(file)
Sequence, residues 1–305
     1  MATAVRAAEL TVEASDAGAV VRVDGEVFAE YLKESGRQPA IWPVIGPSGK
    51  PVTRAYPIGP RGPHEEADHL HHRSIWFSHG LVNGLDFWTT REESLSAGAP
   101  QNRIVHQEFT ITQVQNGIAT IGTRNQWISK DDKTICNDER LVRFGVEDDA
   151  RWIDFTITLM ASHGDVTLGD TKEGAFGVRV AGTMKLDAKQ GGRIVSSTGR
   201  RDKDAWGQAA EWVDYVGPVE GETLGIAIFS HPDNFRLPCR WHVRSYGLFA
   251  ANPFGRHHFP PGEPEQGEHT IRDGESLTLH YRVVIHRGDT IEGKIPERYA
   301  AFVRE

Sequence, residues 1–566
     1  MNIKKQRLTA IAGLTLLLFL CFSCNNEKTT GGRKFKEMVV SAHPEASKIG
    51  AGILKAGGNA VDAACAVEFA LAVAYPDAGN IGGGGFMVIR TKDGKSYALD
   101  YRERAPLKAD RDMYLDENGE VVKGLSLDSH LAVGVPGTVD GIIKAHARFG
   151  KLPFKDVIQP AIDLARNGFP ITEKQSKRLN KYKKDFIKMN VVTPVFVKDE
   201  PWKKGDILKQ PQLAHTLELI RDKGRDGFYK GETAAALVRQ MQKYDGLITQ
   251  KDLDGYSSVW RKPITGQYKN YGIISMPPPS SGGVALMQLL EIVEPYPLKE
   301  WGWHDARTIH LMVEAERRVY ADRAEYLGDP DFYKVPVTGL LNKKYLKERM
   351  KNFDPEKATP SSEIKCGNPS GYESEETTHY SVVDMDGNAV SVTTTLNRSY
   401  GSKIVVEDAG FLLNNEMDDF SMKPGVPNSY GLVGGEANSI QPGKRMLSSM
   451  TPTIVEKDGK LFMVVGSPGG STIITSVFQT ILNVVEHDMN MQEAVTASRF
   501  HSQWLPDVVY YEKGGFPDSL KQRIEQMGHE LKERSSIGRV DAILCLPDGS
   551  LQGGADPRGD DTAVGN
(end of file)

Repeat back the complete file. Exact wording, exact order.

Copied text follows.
Sequence, residues 1–305
     1  MATAVRAAEL TVEASDAGAV VRVDGEVFAE YLKESGRQPA IWPVIGPSGK
    51  PVTRAYPIGP RGPHEEADHL HHRSIWFSHG LVNGLDFWTT REESLSAGAP
   101  QNRIVHQEFT ITQVQNGIAT IGTRNQWISK DDKTICNDER LVRFGVEDDA
   151  RWIDFTITLM ASHGDVTLGD TKEGAFGVRV AGTMKLDAKQ GGRIVSSTGR
   201  RDKDAWGQAA EWVDYVGPVE GETLGIAIFS HPDNFRLPCR WHVRSYGLFA
   251  ANPFGRHHFP PGEPEQGEHT IRDGESLTLH YRVVIHRGDT IEGKIPERYA
   301  AFVRE

Sequence, residues 1–566
     1  MNIKKQRLTA IAGLTLLLFL CFSCNNEKTT GGRKFKEMVV SAHPEASKIG
    51  AGILKAGGNA VDAACAVEFA LAVAYPDAGN IGGGGFMVIR TKDGKSYALD
   101  YRERAPLKAD RDMYLDENGE VVKGLSLDSH LAVGVPGTVD GIIKAHARFG
   151  KLPFKDVIQP AIDLARNGFP ITEKQSKRLN KYKKDFIKMN VVTPVFVKDE
   201  PWKKGDILKQ PQLAHTLELI RDKGRDGFYK GETAAALVRQ MQKYDGLITQ
   251  KDLDGYSSVW RKPITGQYKN YGIISMPPPS SGGVALMQLL EIVEPYPLKE
   301  WGWHDARTIH LMVEAERRVY ADRAEYLGDP DFYKVPVTGL LNKKYLKERM
   351  KNFDPEKATP SSEIKCGNPS GYESEETTHY SVVDMDGNAV SVTTTLNRSY
   401  GSKIVVEDAG FLLNNEMDDF SMKPGVPNSY GLVGGEANSI QPGKRMLSSM
   451  TPTIVEKDGK LFMVVGSPGG STIITSVFQT ILNVVEHDMN MQEAVTASRF
   501  HSQWLPDVVY YEKGGFPDSL KQRIEQMGHE LKERSSIGRV DAILCLPDGS
   551  LQGGADPRGD DTAVGN